Fannie Hurst

Fannie Hurst

Fannie Hurst (October 18, 1889 – February 23, 1968) spent her earlier years studying people in order to be a great writer, and it paid off. Her writings were infused with political and personal issues that put her in the spotlight and gave her the courage to speak out on controversial matters.

Hurst is noted for her strength and courage to speak out against things others would not dare. She spoke openly and did not think of repercussions, only of those she could help with her words. Her best known work is Imitation of Life, which was twice adapted to film. Although isn’t as well known today as it was in her lifetime, Hurst made quite an impact on culture. In addition, she earned a great deal of money from her writing, becoming one of the most highly paid and sought after female authors of the 1920s and 1930s.

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Fannie Hurst Quotes

Fannie Hurst 1931“A woman has to be twice as good as a man to go half as far.”

“I’m not happy when I’m writing, but I’m more unhappy when I’m not.”

“Any writer worth the name is always getting into one thing or getting out of another thing.”

“But suppose, asks the student of the professor, we follow all your structural rules for writing, what about that “something else” that brings the book alive? What is the formula for that? The formula for that is not included in the curriculum.”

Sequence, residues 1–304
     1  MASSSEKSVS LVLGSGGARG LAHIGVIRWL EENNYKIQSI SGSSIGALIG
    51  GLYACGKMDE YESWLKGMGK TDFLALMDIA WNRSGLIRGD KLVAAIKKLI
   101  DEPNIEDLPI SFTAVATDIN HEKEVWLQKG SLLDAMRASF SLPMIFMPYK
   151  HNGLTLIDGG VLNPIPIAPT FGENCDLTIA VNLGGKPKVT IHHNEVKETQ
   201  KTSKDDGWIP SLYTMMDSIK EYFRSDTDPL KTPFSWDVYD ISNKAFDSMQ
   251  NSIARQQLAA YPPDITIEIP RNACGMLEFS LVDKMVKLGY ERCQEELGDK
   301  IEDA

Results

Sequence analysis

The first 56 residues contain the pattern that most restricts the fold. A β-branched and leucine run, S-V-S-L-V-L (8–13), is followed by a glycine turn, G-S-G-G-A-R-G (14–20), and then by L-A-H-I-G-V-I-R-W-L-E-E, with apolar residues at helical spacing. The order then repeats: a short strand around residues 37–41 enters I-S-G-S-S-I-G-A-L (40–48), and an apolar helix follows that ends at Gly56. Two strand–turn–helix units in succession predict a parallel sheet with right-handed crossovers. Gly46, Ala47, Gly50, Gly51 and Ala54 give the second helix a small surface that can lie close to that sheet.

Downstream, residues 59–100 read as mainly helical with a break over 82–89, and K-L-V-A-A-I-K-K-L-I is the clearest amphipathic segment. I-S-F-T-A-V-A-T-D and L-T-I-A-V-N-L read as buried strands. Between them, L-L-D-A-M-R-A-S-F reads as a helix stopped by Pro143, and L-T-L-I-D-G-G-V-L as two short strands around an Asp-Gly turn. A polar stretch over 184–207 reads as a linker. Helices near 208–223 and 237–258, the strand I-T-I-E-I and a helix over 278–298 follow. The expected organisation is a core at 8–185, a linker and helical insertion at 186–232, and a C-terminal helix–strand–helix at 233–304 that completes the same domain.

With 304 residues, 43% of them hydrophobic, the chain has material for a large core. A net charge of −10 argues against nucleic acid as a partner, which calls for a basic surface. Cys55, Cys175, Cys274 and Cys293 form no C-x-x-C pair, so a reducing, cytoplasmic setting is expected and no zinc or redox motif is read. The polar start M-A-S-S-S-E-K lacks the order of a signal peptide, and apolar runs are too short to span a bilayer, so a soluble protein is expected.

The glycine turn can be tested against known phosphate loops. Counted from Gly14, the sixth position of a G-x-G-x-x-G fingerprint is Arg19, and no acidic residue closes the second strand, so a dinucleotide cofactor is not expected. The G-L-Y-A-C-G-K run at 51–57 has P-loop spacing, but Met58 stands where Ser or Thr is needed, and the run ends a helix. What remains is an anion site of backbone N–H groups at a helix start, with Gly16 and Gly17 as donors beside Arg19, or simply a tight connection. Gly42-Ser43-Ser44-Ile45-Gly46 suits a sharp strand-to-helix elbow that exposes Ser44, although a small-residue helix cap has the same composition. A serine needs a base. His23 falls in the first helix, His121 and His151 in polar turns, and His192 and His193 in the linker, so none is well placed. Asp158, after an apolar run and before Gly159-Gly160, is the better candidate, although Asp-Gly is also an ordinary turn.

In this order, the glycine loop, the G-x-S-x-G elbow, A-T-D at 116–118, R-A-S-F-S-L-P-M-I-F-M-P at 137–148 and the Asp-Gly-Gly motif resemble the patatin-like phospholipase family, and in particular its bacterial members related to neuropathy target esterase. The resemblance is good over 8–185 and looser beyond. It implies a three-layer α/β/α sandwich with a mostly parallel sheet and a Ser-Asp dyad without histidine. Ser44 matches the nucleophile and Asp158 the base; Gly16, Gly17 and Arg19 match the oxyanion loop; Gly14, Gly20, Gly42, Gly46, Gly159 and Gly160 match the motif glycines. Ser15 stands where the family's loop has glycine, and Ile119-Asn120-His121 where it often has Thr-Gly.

“It would be a fallacy to deduce that the slow writer necessarily comes up with superior work. There seems to be scant relationship between prolificness and quality.”

“The creative writer is usually captive to his next book.”

“Some authors have what amounts to a metaphysical approach. They admit to inspiration. Sudden and unaccountable urgencies to write catapult them out of sleep and bed. For myself, I have never awakened to jot down an idea that was acceptable the following morning.”

“Few enjoy noisy overcrowded functions. But they are a gesture of goodwill on the part of host or hostess, and also on the part of guests who submit to them.”

“I’m sick and tired of being sick and tired.”

“It would be a fallacy to deduce that the slow writer necessarily comes up with superior work.”

“Sometimes critics lay on the lash, but mostly they praise. Be that as it may, it was and remains my unhappy faculty to remember verbatim the beatings, no matter how slight my regard for my appraiser, and to forget the praise.”

“I am a ‘bleeder’ under criticism and have not done too well in the matter of controlling the mental hemophilia. It is at least fifteen years since I have read a review of my work, good, bad, or indifferent.”

“Through the years, that dissatisfaction at the core of so-called success continues to gnaw. The short stories, the novels move slowly off my typewriter, keeping me unsatisfied and apprehensive.”

“It is a fine thing to finish a day’s work “on high,” to leave a story on the roll of your typewriter that has come alive. It is heartbreak to return the following morning and find your characters staring at you with unalive eyes. It has been a false birth.”


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